If the application for registration does not contain evidence sufficient for EPA to determine that the pesticide meets the FIFRA registration criteria, EPA communicates to the applicant the need for more or better refined data, labeling modifications, or additional use restrictions. Once the applicant has demonstrated that a proposed product meets the FIFRA registration criteria and—if the use would result in residues of the pesticide on food or feed—a tolerance or exemption from the requirement of a tolerance under the Federal Food, Drug, and Cosmetic Act (FFDCA), 21 U.S.C. 301 et seq., is available, EPA approves the registration subject to any risk mitigation measures necessary to achieve that approval. EPA devotes significant resources to crafting the terms and conditions of each pesticide registration to ensure that each pesticide product meets the FIFRA requirement that pesticides not cause unreasonable adverse effects to the public and the environment.

Part of EPA's pesticide regulation and evaluation process is determining whether a pesticide should be classified for restricted use. As discussed in Unit II.A., EPA classifies products as RUPs when they would cause unreasonable adverse effects on the environment, the applicator, or the public without additional restrictions beyond the labeling requirements. 7 U.S.C. 136a(d)(1)(C). EPA maintains a list of active ingredients with uses that have been classified as restricted use at 40 CFR 152.175. In addition, EPA periodically publishes an “RUP Report” that lists RUP products' registration number, product name, status, registration status, company name, and active ingredients (https://www.epa.gov/​pesticide-worker-safety/​restricted-use-products-rup-report). EPA has classified about 900 pesticide products as RUPs, which is about 5% of all registered pesticide products. EPA does not have reliable data on the relative usage of RUPs versus non-RUPs.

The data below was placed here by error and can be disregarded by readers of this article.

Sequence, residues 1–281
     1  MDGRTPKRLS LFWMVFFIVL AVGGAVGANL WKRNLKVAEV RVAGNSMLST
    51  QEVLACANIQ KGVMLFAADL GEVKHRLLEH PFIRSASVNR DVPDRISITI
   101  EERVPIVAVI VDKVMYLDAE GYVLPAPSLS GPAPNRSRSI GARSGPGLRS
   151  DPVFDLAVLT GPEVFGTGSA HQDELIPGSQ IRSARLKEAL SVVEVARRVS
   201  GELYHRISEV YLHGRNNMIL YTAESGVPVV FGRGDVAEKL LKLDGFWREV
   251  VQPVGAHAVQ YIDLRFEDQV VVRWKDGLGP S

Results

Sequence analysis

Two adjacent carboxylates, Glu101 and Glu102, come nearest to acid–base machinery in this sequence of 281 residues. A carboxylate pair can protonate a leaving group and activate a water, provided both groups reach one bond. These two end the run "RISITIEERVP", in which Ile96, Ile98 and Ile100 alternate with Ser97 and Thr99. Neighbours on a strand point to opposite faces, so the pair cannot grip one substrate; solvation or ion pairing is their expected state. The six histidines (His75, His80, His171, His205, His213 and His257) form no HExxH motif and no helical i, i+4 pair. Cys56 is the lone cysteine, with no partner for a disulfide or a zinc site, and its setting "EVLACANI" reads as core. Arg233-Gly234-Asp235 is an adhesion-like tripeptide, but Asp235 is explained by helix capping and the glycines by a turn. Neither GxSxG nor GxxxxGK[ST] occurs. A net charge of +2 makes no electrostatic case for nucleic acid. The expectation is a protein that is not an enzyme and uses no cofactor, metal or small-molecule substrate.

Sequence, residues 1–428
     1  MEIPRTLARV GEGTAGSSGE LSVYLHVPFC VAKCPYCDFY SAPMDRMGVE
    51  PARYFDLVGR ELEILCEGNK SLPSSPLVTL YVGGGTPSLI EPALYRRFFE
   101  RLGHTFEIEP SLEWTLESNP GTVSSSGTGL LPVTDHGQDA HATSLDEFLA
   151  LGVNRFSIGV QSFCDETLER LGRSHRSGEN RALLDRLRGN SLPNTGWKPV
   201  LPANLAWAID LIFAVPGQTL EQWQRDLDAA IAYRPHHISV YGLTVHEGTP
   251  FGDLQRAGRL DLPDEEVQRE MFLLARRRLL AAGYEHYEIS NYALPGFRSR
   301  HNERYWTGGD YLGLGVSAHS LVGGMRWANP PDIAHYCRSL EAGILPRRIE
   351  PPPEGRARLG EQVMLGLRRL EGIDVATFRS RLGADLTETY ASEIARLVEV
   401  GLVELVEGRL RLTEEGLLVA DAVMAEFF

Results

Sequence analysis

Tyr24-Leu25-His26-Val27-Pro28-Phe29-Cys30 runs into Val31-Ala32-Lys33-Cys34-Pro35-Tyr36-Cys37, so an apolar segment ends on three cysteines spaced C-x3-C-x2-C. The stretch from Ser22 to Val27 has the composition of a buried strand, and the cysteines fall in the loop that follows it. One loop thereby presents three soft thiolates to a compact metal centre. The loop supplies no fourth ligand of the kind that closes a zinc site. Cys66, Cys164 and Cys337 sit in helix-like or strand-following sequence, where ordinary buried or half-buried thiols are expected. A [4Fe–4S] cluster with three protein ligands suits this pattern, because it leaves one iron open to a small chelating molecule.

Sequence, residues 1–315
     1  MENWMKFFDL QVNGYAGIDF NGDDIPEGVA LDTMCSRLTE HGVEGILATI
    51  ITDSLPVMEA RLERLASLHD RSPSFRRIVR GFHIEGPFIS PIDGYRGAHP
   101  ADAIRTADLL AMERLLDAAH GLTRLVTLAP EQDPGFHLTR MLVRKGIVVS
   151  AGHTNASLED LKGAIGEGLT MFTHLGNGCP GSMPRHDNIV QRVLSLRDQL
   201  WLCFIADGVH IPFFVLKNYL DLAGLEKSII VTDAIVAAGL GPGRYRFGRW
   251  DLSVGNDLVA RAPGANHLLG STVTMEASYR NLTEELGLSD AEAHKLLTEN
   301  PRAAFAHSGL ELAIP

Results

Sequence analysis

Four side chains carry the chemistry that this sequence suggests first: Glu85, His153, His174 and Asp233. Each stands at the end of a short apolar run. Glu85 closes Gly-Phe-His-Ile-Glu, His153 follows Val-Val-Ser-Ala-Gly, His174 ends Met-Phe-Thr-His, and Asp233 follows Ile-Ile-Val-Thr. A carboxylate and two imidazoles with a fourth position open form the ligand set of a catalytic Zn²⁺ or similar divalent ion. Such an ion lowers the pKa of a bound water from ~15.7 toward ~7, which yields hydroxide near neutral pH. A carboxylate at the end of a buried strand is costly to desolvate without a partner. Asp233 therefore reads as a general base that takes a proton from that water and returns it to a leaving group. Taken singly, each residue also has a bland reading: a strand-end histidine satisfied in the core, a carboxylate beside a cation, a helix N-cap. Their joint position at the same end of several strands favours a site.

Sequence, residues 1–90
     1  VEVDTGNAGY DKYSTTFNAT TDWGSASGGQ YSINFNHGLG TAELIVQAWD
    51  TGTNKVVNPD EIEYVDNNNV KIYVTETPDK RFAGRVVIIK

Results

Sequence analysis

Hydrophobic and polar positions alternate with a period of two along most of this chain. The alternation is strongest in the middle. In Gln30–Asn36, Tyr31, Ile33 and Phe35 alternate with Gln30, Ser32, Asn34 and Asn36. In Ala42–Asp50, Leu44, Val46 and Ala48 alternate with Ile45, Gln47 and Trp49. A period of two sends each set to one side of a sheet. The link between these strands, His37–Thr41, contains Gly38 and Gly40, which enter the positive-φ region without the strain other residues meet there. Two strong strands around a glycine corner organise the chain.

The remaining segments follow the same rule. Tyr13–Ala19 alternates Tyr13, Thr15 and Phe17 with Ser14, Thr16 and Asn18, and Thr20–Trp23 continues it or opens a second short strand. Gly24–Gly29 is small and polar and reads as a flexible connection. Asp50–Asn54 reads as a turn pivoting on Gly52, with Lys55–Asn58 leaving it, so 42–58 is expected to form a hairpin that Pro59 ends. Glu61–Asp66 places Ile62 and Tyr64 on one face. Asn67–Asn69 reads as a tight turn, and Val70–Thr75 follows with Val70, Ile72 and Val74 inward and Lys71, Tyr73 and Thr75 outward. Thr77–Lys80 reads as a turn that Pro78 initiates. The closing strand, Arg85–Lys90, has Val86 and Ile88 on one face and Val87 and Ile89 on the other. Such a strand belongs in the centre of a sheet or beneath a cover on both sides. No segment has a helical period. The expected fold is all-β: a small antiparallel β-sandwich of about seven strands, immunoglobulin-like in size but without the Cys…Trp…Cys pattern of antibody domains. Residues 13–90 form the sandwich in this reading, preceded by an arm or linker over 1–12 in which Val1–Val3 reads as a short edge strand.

When EPA approves a pesticide, the labeling specifies the risk mitigation measures required by EPA. Potential risk mitigation measures include requiring certain engineering controls, such as use of closed systems for mixing pesticides and loading them into application equipment to reduce potential exposure to those who handle pesticides; establishing conditions on the use of the pesticide by specifying certain use sites, maximum application rates or maximum number of applications; and limiting the use of the product to certified applicators (i.e., prohibiting application of an RUP by a noncertified applicator working under the direct supervision of a certified applicator. Since users must comply with the directions for use and use restrictions on a product's labeling, EPA uses the labeling to establish and convey mandatory requirements for how the pesticide must be used to protect the applicator, the public, and the environment from pesticide exposure.